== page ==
Violent acts committed by homeless individuals are on the rise in the state of California, particularly in the greater Los Angeles metro area. A number of factors have contributed to this shocking turn of events, particularly in the failures of state authorities in implementing prison reform programs. Prisoners released to the streets of the city may not have had adequate counseling and training to prepare them for a life outside the prison walls, and many inmates released early have no recourse but to be homeless.
A Grisly Murder in Stamford
On September 25, 2019, police responded to a home on Cove Road in the city of Stamford. Isabella Mehner, 93, was found dead at the bottom of her cellar stairs. After an examination by the Office of the Chief Medical Examiner, Ms. Mehner’s injuries were ruled suspicious and her death was classified as a homicide.
Using video surveillance footage of the area, authorities discovered that 51-year old former California inmate Robert Simmons was responsible. He was found wearing clothing with Mehner’s blood on them, and was also in possession of a diamond wedding ring belonging to the deceased woman. He was charged with felony murder, murder, and home invasion in the crime, and faces a prison sentence of up to 60 years. It is believed that Simmons, who was homeless, targeted his victim, as he had performed work at her residence in years past.
Violence Against Homeless People
Homeless individuals are not only the perpetrators of heinous crimes against others, but they may also be victims themselves. Homeless-on-homeless crimes have skyrocketed in the Los Angeles area; in all, 42 homeless people were murdered in 2019 and hundreds more were the victims of assaults and rapes. 17 percent of all homicides in Los Angeles in 2019 had a homeless individual as the victim. Typically, the perpetrator or perpetrators of these crimes were fellow homeless individuals.
Failures in Prison Reform
According to statistics compiled by the City of Los Angeles, about 36,000 homeless people can be found within city limits, and a total exceeding 59,000 homeless individuals occupy Los Angeles County. Many of those homeless individuals are former inmates of the state’s sprawling prison system. Prison reform and early-release programs initiated by former Governors Arnold Schwarzenegger and Jerry Brown are partially to blame for the staggering numbers in the homeless population.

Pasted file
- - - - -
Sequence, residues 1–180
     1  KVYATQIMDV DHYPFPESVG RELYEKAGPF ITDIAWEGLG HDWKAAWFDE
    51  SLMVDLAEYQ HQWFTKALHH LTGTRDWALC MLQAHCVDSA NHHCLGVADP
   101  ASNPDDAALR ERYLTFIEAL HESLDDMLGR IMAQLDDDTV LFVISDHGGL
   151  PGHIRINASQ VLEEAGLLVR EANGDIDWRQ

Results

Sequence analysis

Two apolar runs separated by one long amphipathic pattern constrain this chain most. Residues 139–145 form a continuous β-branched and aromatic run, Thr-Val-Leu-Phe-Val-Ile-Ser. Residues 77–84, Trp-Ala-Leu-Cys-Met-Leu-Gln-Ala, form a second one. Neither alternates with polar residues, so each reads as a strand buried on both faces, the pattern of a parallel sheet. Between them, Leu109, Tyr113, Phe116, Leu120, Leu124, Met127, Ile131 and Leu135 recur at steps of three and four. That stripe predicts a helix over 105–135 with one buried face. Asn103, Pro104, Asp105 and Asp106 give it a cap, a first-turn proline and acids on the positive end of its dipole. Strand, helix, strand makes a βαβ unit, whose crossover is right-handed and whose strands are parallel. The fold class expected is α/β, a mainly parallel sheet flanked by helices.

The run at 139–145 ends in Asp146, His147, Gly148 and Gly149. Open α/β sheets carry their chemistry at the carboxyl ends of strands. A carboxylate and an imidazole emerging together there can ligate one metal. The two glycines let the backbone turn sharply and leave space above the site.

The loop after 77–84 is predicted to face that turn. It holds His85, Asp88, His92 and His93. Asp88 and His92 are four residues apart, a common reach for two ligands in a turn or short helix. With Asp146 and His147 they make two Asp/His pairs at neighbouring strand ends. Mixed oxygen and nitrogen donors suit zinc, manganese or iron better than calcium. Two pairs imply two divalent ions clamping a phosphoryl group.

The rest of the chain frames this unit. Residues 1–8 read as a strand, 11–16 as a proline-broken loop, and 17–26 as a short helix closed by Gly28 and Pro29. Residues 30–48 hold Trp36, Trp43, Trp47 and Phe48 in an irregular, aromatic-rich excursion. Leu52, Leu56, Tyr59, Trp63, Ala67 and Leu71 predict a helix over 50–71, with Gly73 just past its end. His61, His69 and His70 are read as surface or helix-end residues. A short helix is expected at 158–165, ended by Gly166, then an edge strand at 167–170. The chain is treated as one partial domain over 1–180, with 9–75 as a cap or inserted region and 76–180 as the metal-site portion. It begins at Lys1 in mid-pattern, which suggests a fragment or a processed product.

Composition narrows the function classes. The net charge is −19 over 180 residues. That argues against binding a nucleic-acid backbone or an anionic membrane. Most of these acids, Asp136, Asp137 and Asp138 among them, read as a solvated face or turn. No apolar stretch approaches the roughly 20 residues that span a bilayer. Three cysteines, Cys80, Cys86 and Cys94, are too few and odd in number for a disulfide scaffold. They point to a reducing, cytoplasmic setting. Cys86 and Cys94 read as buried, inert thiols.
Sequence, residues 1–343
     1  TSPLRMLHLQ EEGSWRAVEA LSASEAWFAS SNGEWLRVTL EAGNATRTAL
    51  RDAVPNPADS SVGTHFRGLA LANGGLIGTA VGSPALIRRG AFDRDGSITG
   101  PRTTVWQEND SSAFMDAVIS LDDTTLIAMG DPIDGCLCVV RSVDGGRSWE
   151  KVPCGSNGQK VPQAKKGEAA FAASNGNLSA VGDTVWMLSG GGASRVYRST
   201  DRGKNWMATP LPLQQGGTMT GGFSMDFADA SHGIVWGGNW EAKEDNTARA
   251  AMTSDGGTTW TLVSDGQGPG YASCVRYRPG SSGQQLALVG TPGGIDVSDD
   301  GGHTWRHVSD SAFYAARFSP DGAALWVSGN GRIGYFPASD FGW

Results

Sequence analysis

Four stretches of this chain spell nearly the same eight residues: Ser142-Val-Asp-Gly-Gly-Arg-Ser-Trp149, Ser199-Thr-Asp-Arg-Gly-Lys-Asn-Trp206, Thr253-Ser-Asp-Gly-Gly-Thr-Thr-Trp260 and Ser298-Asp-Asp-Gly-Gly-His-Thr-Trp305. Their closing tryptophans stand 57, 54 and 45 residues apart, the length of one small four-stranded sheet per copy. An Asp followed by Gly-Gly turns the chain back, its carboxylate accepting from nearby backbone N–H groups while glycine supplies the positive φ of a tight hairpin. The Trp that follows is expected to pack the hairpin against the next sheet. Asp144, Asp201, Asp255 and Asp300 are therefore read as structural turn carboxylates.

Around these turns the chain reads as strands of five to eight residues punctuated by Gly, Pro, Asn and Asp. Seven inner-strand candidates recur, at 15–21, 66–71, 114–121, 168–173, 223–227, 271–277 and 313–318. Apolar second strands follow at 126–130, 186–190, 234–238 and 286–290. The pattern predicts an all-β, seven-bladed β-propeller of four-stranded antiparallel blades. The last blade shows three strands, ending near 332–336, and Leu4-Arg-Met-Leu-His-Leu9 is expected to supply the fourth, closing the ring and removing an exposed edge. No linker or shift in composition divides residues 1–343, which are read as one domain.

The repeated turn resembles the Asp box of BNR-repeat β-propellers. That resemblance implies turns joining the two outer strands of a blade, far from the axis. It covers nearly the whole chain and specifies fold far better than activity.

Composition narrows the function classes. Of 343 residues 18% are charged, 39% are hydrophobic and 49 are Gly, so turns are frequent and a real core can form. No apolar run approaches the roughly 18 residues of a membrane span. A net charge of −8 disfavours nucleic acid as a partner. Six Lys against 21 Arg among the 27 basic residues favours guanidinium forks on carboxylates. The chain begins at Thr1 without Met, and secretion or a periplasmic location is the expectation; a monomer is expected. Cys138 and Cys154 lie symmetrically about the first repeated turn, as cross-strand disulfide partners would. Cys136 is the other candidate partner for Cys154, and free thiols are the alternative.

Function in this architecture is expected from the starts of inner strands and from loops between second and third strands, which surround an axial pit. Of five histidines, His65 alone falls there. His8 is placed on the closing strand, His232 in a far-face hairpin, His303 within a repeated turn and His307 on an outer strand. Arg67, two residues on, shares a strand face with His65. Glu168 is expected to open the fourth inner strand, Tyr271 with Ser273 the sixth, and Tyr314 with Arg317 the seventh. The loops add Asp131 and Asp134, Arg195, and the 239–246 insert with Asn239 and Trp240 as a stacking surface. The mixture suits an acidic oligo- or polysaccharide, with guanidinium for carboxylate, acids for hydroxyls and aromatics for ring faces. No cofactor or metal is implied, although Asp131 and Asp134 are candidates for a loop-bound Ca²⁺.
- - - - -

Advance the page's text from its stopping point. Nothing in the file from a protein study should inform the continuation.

Under early-release programs, inmates deemed non-violent are often tagged to be freed in advance of the completion of their sentences. Unfortunately, California’s prisons are woefully lacking in vocational and counseling programs for inmates, particularly those who may be released early. Prisoners often do not have the coping skills or vocational training needed to rejoin society as productive members. A surprising number of early-release inmates have substance abuse problems or undiagnosed/untreated mental illnesses that prevent them from living peacefully in California’s communities. High median home rental costs are also prohibitive, preventing many individuals – including released inmates – from being able to afford homes. The result is that these people are driven to the streets, appearing in homeless camps and “tent cities” across the region.
The Homeless Crisis Worsens
California Governor Gavin Newsom has been blamed on the federal level for failures to properly address the homeless crisis in the state. President Donald Trump has announced that he has directed federal agencies to examine ways to crack down on the homeless population and the rise in violent crimes. Trump has tweeted extensively against Governor Newsom, claiming that he is solely responsible for the homeless problem.
Newsom isn’t the only target of Trump’s ire. Trump has also attacked House Speaker Nancy Pelosi, whose hometown of San Francisco is also plagued by high homeless rates and an increase in violent crimes. In general, Trump blames the ineffectiveness of Democrat-led programs and services in contributing to homeless problems in the state’s communities.
In all, homeless populations in California rose by more than 16 percent in 2019 alone. A patchwork of community efforts and both municipal and statewide initiatives have been unable to stem the tide of homeless people. Governor Newsom has earmarked over $1 billion in the state’s 2019-2020 budget to fight homelessness and has also made it easier for cities to apply for emergency funding to combat homeless issues. With these funds, emergency shelters and service organizations can work to get people off the streets, potentially reducing the levels of violent crime committed by and against homeless people.
Money to fight homelessness is only part of a more comprehensive solution. Much more work needs to be done, including revisiting prison and prisoner reform programs in the state’s correctional facilities. Prisoners must be given the tools and the skills they need to rejoin society, including vocational and technical training to provide them with marketable job skills. Mental health and substance abuse counseling must also be provided, giving inmates the ability to become productive members of the communities into which they are released at the ends of their sentences.